NIEHS-funded researchers at the University of California at Davis (UCD), reported new findings Dec. 13 in the journal Cell Reports that help explain how genes and environmental factors may jointly contribute to the rise in autism spectrum disorder (ASD).
The researchers found that a certain genetic variation, called Dup15q, combined with exposure to polychlorinated biphenyl (PCB) 95 can substantially alter the activity of genes associated with increased autism risk. PCB 95 is a common environmental pollutant that is known to be neurotoxic.
“This study is an example of how you can have two independent effects that, when combined, affect a larger set of genes important in the developing brain,” said senior author Janine LaSalle, Ph.D., in a UCD press release.
PCB 95 linked with changes that affect gene function
LaSalle and colleagues studied DNA methylation in 41 postmortem brains. Methylation, which is one of several epigenetic mechanisms cells use to turn genes on and off, is the addition of a methyl group to genes. The team observed reduced DNA methylation in people with Dup15q, a duplication of genetic material at chromosome 15, compared with controls.
The scientists then used 23 cell culture samples to confirm the reduced methylation associated with Dup15q and tested what happened to neurons exposed to PCB 95. They observed additional reductions in methylation following PCB 95 exposure, although the environmental effect was not as strong as that from genetic factors. Finally, they showed that many of the genes with reduced methylation were related to ASD, especially regarding the function of synapses, or the gaps between neurons in the brain.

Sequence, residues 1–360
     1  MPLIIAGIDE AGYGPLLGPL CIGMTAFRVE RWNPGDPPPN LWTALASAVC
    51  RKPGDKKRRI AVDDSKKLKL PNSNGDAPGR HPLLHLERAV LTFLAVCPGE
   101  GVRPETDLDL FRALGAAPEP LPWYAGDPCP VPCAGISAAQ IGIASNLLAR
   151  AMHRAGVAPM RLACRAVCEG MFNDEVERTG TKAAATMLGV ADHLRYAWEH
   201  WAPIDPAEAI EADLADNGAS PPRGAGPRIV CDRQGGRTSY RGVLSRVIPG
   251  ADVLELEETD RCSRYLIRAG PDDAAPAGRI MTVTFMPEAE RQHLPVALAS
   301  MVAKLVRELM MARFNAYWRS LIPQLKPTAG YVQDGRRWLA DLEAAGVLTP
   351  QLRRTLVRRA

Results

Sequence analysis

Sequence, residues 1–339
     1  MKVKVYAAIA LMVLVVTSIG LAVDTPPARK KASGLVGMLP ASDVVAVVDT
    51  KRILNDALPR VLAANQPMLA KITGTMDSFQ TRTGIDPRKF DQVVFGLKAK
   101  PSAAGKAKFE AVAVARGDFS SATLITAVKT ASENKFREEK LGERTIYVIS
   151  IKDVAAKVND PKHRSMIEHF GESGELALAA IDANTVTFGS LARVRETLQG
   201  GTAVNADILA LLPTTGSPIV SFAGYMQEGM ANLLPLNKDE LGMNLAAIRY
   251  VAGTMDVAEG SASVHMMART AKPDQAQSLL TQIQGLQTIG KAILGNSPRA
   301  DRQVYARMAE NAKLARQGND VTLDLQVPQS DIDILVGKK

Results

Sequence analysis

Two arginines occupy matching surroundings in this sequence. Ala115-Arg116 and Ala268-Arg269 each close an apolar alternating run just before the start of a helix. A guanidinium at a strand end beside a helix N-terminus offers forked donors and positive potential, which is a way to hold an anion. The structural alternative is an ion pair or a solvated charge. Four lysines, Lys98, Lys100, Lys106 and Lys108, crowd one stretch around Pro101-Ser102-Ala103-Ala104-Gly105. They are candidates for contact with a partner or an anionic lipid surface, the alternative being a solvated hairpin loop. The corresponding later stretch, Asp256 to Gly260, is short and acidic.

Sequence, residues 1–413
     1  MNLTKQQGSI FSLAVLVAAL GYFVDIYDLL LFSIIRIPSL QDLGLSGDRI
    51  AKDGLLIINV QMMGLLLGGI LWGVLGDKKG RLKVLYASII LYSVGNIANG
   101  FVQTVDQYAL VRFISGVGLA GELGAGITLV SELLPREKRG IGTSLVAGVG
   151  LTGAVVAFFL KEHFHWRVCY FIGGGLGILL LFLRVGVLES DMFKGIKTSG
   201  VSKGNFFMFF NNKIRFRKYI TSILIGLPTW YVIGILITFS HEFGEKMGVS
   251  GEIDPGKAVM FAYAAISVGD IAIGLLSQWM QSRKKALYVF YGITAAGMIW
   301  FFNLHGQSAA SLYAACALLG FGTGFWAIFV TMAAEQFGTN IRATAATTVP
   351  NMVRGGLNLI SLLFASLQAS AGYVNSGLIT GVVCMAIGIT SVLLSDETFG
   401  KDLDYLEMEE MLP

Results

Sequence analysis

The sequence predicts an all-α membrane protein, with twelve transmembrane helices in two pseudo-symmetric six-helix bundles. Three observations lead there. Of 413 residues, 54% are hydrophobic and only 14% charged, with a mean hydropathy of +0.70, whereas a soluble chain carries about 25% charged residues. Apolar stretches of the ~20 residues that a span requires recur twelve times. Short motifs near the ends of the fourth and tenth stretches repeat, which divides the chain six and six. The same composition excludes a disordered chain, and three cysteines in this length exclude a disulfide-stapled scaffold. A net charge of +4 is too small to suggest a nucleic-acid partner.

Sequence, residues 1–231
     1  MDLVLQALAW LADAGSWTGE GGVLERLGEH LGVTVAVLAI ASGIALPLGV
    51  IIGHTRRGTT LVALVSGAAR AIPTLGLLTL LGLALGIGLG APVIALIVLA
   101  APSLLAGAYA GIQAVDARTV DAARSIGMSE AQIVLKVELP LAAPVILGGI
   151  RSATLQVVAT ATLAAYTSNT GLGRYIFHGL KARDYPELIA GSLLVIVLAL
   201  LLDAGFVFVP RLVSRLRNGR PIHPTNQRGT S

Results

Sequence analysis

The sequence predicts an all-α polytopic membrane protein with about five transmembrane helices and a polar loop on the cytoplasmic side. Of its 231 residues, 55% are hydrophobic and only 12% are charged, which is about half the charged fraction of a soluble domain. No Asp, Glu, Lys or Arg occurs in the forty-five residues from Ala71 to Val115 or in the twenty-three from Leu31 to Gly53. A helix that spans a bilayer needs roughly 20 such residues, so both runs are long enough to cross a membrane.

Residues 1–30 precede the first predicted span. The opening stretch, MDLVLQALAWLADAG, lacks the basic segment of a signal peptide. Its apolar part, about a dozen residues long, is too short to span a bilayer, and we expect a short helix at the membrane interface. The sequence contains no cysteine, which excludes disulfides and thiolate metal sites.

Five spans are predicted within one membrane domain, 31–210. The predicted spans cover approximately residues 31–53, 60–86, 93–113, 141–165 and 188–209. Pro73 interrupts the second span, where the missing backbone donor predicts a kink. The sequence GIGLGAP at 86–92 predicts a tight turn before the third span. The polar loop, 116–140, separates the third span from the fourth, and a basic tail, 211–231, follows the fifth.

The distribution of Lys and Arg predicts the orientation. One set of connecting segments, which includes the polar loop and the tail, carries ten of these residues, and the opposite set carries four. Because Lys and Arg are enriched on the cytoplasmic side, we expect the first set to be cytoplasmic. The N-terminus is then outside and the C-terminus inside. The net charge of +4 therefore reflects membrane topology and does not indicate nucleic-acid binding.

“We found multihit, cumulative impacts that are affecting epigenetic signatures in a common group of genes involved in synapses and autism,” said LaSalle.
Cumulative impact may hold the key
ASD currently affects approximately 1 in 68 children. According to the paper, ASD has a strong genetic component, with more than 800 genes previously identified as possibly having a role. However, there is wide variation in the combination of multiple autism-related genes for each person with ASD. The authors said that Dup15q is one of the most common genetic variations observed in people with ASD.
Likewise, environmental exposures to pollutants like PCBs, air pollution, and pesticides, previously have been associated with modest increases in autism risk, according to the authors. PCBs, which do not easily break down in the environment, are chemicals used to insulate electrical equipment.
“There’s this tendency to put genes and environment in separate boxes — this gene causes autism or this environmental factor causes autism,” said LaSalle. “But by themselves, these direct causal factors are rare. What’s likely more common is the cumulative impact of both.”
“These results have important implications, including adding to our understanding of epigenetic mechanisms that underpin gene-environment interactions in complex disease,” said Cindy Lawler, Ph.D., who leads the NIEHS Genes, Environment, and Health Branch. “The findings also contribute to identifying epigenomic signatures that may serve as biomarkers of cumulative exposures.”
Citation: Dunaway KW, Islam MS, Coulson RL, Lopez SJ, Vogel Ciernia A, Chu RG, Yasui DH, Pessah IN, Lott P, Mordaunt C, Meguro-Horike M, Horike SI, Korf I, LaSalle JM. 2016. Cumulative impact of polychlorinated biphenyl and large chromosomal duplications on DNA methylation, chromatin, and expression of autism candidate genes. Cell Rep 17(11): 3035–3048.
(Virginia Guidry, Ph.D., is a technical writer and public information specialist in the NIEHS Office of Communications and Public Liaison, and a regular contributor to the Environmental Factor.)